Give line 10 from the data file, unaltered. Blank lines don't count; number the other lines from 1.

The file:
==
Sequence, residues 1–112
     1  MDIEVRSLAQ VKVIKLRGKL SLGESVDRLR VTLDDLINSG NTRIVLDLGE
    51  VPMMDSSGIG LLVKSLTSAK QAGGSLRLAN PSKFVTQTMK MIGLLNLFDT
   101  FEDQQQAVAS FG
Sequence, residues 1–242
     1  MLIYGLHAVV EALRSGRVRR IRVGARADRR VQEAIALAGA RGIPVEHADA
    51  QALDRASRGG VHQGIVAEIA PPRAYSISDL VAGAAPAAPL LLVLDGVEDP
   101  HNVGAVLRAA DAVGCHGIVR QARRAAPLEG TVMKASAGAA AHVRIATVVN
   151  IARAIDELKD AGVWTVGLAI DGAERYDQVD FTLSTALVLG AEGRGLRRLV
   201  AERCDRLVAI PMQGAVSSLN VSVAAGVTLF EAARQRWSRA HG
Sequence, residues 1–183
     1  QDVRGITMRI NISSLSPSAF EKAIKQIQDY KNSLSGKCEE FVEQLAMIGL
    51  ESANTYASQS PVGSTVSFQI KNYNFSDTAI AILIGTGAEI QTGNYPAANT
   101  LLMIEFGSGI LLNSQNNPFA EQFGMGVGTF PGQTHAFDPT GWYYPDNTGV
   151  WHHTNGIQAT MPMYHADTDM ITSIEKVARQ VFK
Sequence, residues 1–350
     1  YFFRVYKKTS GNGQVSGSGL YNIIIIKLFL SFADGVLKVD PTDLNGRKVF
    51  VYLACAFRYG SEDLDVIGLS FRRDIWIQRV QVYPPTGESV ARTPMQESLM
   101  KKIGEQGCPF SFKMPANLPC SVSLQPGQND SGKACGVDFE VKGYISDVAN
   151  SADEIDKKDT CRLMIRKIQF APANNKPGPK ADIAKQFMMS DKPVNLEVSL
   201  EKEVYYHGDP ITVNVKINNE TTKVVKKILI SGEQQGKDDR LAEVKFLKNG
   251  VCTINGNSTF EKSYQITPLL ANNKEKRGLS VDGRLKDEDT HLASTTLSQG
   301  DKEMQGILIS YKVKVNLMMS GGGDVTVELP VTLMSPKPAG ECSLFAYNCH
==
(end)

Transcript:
   201  AERCDRLVAI PMQGAVSSLN VSVAAGVTLF EAARQRWSRA HG